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Alfons Schilling with Kleines Rad (small wheel), New York 1978 Gelatin silver print, photo by Janice Everett © Estate of Alfons Schilling
Alfons Schilling, 1986 Hologram, holographed by Ana Maria Nicholson © Estate of Alfons Schilling
Alfons SchillingThe Falling Man, 1969 Lenticular photograph, 4 views © Estate of Alfons Schilling
Alfons Schilling, Frames from Jackie Curtis, 1970 16mm, b&w, silent, 1:10 Min. © Estate of Alfons Schilling
Alfons Schilling, Film still from 9XL – Es war einmal (once upon a time), 1965 35mm, b&w, sound, 13 Min. © Estate of Alfons Schilling



14.02. – 14.05.2017

WestLicht. Museum for Photography shows the first-ever overview of the photographic works of Swiss artist Alfons Schilling (1934-2013), who made his home in Austria.

Schilling is one of the most fascinating personalities in recent Austrian art history. His work consequently resists any attempts at facile categorisation, his explorer’s spirit transcending the boundaries between genres and movements. Schilling’s photographic output since the 1960s continues the works of 19th century experimenters, first and foremost stereo photography and the movement studies of Muybridge, Marey and Anschütz. Using traditional and current technologies and procedures, Schilling continued their attempts to create new modes of perception. The ambiguous images of his lenticular photographs lent the process of seeing new dynamics, merging several exposures in one image. His holograms and stereo photographs open the surface of the image, transforming it into a virtual space.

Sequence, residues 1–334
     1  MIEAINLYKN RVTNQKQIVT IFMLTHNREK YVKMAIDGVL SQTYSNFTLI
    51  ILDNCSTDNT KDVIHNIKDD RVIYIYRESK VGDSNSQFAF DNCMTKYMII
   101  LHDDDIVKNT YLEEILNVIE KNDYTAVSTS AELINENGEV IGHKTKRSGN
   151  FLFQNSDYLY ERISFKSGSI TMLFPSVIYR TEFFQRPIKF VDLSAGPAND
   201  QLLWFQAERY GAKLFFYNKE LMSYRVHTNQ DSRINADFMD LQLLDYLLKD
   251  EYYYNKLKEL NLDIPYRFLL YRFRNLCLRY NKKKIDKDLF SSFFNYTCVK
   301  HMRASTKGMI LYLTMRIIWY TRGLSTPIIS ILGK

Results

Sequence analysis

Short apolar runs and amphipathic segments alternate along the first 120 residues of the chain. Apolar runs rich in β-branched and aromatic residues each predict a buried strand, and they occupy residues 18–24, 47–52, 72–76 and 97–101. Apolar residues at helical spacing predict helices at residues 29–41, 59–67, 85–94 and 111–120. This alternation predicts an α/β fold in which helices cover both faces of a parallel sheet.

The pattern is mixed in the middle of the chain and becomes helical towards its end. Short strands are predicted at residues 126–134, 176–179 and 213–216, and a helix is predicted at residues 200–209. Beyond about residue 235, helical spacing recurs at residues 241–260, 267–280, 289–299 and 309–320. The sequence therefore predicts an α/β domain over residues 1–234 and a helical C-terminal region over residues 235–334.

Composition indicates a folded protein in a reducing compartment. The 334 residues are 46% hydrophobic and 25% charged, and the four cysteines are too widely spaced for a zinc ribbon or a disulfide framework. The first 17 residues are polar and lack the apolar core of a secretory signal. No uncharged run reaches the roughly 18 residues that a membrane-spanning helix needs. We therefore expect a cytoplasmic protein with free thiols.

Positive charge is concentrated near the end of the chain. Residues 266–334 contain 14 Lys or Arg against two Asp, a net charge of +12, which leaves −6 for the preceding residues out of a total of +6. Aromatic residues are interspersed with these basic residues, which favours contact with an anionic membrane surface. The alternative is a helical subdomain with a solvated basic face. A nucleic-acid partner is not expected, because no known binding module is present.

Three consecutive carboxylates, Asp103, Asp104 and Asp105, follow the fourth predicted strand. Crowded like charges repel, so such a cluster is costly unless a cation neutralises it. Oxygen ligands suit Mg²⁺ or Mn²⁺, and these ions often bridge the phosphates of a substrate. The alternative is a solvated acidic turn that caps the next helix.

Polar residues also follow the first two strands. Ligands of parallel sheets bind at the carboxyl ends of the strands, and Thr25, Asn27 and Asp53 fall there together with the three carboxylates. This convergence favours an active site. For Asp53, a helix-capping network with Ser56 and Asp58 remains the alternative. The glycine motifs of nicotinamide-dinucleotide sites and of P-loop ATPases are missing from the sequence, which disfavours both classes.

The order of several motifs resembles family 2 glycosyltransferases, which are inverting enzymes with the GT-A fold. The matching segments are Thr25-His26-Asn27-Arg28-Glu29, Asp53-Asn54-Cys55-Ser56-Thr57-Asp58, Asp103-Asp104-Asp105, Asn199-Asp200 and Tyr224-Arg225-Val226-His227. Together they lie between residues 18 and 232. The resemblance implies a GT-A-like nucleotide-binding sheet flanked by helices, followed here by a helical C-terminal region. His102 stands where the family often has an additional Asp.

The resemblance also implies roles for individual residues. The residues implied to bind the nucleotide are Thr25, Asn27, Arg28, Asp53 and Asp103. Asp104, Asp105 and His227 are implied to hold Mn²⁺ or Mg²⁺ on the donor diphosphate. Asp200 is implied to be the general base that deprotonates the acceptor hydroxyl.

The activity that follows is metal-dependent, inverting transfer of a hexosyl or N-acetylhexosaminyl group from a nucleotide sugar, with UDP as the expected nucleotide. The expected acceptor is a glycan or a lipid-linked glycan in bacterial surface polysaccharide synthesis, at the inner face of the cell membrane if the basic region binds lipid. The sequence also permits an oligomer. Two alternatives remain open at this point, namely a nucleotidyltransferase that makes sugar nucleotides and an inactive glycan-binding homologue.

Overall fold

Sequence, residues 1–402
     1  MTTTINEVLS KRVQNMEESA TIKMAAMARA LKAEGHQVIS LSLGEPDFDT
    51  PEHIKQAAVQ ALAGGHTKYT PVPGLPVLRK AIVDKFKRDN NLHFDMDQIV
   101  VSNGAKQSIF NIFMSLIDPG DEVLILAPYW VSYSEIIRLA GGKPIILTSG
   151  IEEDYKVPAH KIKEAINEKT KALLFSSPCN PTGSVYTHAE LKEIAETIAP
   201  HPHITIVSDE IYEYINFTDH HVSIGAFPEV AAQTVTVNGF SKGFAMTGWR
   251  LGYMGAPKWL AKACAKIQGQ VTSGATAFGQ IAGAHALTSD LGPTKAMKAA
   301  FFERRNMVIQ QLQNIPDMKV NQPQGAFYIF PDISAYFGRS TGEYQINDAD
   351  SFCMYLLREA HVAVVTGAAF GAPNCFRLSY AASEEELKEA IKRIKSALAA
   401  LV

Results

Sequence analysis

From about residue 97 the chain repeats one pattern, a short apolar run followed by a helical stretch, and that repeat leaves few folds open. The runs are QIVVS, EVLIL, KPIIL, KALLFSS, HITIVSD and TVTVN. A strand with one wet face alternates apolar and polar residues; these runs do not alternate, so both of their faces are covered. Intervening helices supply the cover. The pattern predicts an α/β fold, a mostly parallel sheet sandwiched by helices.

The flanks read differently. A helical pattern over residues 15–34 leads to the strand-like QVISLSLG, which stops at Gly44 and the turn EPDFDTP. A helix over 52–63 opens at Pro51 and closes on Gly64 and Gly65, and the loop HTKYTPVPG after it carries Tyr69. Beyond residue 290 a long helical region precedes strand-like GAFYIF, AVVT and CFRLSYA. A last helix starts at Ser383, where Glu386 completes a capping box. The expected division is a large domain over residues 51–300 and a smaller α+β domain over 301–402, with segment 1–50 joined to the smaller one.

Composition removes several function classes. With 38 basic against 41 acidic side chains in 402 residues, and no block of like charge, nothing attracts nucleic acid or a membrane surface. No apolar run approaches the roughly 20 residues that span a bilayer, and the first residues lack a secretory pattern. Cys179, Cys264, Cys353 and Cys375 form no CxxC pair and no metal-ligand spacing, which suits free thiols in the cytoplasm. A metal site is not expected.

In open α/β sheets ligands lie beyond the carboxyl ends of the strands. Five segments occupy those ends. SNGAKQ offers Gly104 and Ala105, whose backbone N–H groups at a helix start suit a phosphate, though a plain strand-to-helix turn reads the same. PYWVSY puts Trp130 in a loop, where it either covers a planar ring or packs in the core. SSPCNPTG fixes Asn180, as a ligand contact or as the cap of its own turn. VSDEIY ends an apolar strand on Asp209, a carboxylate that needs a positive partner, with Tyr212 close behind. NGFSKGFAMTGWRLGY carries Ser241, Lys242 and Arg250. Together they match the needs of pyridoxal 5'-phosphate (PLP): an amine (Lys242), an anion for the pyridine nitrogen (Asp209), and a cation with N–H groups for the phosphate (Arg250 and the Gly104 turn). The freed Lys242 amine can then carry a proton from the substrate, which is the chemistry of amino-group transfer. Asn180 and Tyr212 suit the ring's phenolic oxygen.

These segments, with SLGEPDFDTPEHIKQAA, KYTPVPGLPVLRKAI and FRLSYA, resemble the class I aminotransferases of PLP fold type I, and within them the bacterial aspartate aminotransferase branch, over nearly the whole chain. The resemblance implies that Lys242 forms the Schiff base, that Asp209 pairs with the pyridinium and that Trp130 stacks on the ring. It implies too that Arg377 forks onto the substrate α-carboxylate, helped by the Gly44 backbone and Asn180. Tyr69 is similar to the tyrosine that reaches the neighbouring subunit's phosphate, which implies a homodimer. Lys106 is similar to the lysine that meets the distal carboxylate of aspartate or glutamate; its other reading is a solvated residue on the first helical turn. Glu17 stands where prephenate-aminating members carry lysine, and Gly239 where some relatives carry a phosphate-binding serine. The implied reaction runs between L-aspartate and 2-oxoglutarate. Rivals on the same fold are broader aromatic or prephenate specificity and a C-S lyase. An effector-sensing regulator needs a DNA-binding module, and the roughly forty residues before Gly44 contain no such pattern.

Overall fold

The central theme discernible through all the artist’s creative periods is a critique of perception, his recurring method was artistic research. In an inventive manner, Schilling’s works deal with human perception and its aids, examining the relationship between image, viewer, space and movement. In New York, he developed into a media artist starting in 1962, participating at the forefront of contemporary theoretical discourse and projecting current technical developments into the future.

This, at the latest, was the point when the medium became the message, understood as an extension of the body in an emphaticutopian sense. It is no coincidence that the seeing machines he constructed during this period – bearing such titles as The Big Wheel or Little Bird – bring to mind the first flying machines, from Leonardo to the Wright Brothers: the possibility of limitless perception already implies liberation from the body’s physical limitations.